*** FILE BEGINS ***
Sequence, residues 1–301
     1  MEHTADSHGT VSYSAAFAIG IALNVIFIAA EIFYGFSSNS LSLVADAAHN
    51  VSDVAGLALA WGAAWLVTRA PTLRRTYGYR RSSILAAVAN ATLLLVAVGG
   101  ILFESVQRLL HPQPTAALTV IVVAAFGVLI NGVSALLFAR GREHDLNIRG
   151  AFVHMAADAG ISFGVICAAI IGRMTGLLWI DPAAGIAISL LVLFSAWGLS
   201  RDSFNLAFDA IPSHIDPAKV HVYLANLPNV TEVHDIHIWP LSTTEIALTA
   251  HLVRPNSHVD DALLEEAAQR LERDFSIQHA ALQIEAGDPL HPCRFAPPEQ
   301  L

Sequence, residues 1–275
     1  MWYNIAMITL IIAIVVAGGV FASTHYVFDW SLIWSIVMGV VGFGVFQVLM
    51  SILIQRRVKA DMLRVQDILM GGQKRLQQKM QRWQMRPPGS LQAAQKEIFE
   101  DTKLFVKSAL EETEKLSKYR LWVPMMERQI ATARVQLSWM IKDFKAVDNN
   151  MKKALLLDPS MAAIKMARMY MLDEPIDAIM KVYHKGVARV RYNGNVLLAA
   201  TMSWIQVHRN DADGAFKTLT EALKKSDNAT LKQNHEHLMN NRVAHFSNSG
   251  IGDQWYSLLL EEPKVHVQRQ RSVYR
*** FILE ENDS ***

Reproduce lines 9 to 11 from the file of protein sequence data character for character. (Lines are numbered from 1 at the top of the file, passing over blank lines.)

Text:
Sequence, residues 1–275
     1  MWYNIAMITL IIAIVVAGGV FASTHYVFDW SLIWSIVMGV VGFGVFQVLM
    51  SILIQRRVKA DMLRVQDILM GGQKRLQQKM QRWQMRPPGS LQAAQKEIFE